3) I like what I saw in terms of the children I encountered and their easy, respectful and comfortable interaction with the adults around them. I am seeing that same thing slowly develop in our kids as well, and I'll admit I didn't expect it.
4) There was a subtlety I picked up on, which if I hadn't been part of the public schooling system so long I might not have noticed. In public school, parents tend to "brag" on their kids' sports accomplishments, with homeschoolers it is far more often about academics. It took me all weekend to see that clearly, that with homeschoolers there is a much greater emphasis, in general, on academics and that is where the pride is reflected, but in public education parents seem to gain more pride in athletic ability. That's not to say that there isn't some flip flopping there from time to time, but in general, this appears to be true.
5) My world at home has changed, our kids have hit the next phase, and I heard it in their voices and in their laughter during our late night phone call. Goodbye, young childhood, hello pre-adulthood. Don't know why it hit me full force like that, as of course there have been changes going on continually around here, but it was very clear and obvious.
6) I really like homeschooling, yes, even for myself. I like what it does for our family, I like how it has enhanced and shortened the time it took for emotional connections to develop. I like how we have gone from a frantic, running every evening group of individuals living under one roof, to being together as a family far more often. I like that I don't have that sense of guilt hanging over me continually that my kids are at school and are not getting the individual time they need, especially Kenny. I knew this was not going to work, I knew I was failing him by leaving him in school and by allowing him to be moved to be moved to 4th grade. I may not do better than the school did with him, but my guilt has dissipated because now I feel like we are giving it everything we've got to help him (and the girls too!) achieve and be all that it is possible for him to be. I like that we all share in our successes every day and can celebrate them, where in school, for some of our kids, their successes would barely be noticed, even if for them it is huge. I like the atmosphere in our home at mid-morning when all are engrossed in their work. I like the clink of the piano, the swoosh of the loom shuttle, and the twang of the guitar strings.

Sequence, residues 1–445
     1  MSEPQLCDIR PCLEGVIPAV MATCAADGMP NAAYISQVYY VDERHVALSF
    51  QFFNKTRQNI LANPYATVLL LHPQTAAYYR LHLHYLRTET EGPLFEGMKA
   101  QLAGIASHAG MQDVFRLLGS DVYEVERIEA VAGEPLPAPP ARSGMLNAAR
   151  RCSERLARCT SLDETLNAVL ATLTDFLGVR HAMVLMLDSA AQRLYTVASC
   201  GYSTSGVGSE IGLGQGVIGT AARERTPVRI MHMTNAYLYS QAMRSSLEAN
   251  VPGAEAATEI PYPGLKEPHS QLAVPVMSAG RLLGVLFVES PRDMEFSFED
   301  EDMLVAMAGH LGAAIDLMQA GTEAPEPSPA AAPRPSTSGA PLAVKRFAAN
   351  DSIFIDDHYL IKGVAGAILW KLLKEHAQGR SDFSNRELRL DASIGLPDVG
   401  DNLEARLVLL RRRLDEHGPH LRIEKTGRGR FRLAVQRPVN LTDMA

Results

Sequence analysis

7) I need to carve out more time for me, I need to create more, to work more, to connect more...it makes me happier and the kids as well. I need to be intentional about it, for I need to be filled too in order to have anything to fill up others.
8) I can be outgoing, but I am truly an introvert. My outgoingness does not come naturally at all, and I have to do a lot of internal talking to move out of my wallflower mode, where I live happily most of the time.
9) I realized that I am much happier having a game plan in place, a framework to work from, and throwing in spontaneous things or projects. But I could never be too loose, it would be too uncomfortable for me. I also realized that creating a general plan through the end of high school is important for me to be able to let go and get in the moment, so I started one and hope it is a living document to be worked with. Already the simple act of doing that has helped release some tension. I know it is silly, I also know that the greatest plans of mice and men yadda yadda yadda, but for me it brings peace to plan, it allows me to let go of certain data and make room for other more important data.
10) We'll never be able to do it all, so get over your bad self!! What we DO accomplish will be amazing and extraordinary. There will be gaps, if we are sane. If we are insane, we will try to cover every single thing and I will beat my head bloody against a wall. I don't want to miss the joy in all of this, and letting go of the need to do EVERYTHING will help in that regard.
There were many more insights I gained, or maybe internalized more after having already given it some brain time. Strengthening who we all are in this, and what we envision for our kids, is an important part in my evolution as a mom.
My eyes are closing on me, and I need to get some sleep. Glad I am only driving a computer!
During these waning days of summer, new adults are slowly blossoming and, for one, childhood is very gradually beginning its tentative wave...